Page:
Found: Genes That Make Kids Smart

Jonathan Leake, The Australian (Sydney), September 20, 2010

SCIENTISTS have identified more than 200 genes potentially associated with academic performance in schoolchildren.

Those schoolchildren possessing the “right” combinations achieved significantly better results in numeracy, literacy and science.

The finding emerged from a study of more than 4000 British children to pinpoint the genes and genetic combinations that influence reasoning skills and general intelligence.

One of its main conclusions is that intelligence is controlled by a network of thousands of genes with each making just a small contribution to overall intelligence, rather than the handful of powerful genes that scientists once predicted.

The researchers believe their work could eventually lead to genetic tests to predict babies’ academic potential.

“This kind of research could help us develop genetic tests to predict which kids are at risk of developing problems with their schooling, so that we could intervene to help them,” said Robert Plomin, professor of behavioural genetics at the Institute of Psychiatry at King’s College London, who will describe his work today at a meeting of the Royal Society.

In his research, Professor Plomin built up a database on the academic ability of 4000 children, partly from teacher assessments and partly by having the youngsters sit a battery of cognitive tests. Then he and his colleagues analysed the children’s DNA, looking for tiny variations in their genes.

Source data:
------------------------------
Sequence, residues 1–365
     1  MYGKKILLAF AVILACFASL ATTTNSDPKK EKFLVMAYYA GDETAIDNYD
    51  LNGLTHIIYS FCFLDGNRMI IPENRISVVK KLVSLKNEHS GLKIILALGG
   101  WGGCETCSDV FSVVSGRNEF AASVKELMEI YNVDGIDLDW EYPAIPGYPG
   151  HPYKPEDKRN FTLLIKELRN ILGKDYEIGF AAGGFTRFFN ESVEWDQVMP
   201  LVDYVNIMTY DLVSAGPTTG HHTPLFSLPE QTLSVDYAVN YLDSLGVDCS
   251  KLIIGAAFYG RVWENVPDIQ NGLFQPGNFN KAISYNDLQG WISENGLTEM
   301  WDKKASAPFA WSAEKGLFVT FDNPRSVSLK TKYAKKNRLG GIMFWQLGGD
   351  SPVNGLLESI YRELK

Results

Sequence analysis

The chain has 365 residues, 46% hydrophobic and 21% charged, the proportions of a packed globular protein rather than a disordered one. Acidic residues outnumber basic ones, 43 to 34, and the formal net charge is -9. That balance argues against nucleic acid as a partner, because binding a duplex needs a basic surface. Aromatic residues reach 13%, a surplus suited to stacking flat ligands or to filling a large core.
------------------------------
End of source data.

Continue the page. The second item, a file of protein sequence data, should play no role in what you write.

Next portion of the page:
There are potentially many millions of these variations, but the team restricted their search to looking at the million or so of the most common, to find out which gene variants were most frequently found in children with either a high or low level of academic achievement.

“Out of the gene variants we looked at, a couple of hundred are emerging which seem to have a small but significant relationship with ability in maths and English,” said Professor Plomin.

Such research reflects a long-term trend away from the idea that particular aspects of human physiology, appearance and behaviour are controlled by just a few genes.

This idea arose from early breakthroughs in which illnesses such as multiple sclerosis and breast cancer, or features such as hair and eye colour, were found to be strongly influenced by variations in the structure of just one or a few genes. Some scientists then predicted similar results for anything from heart disease to intelligence.

In recent years, however, it has become clear that most aspects of human development, health and behaviour are controlled by huge networks of individual genes, of which humans have about 25,000.

Research into height, for example, has picked out 300 genes that affect how tall people will grow, but even these genes can only explain 15 per cent of the total variations in human height. It implies that hundreds more genes must also play a part.

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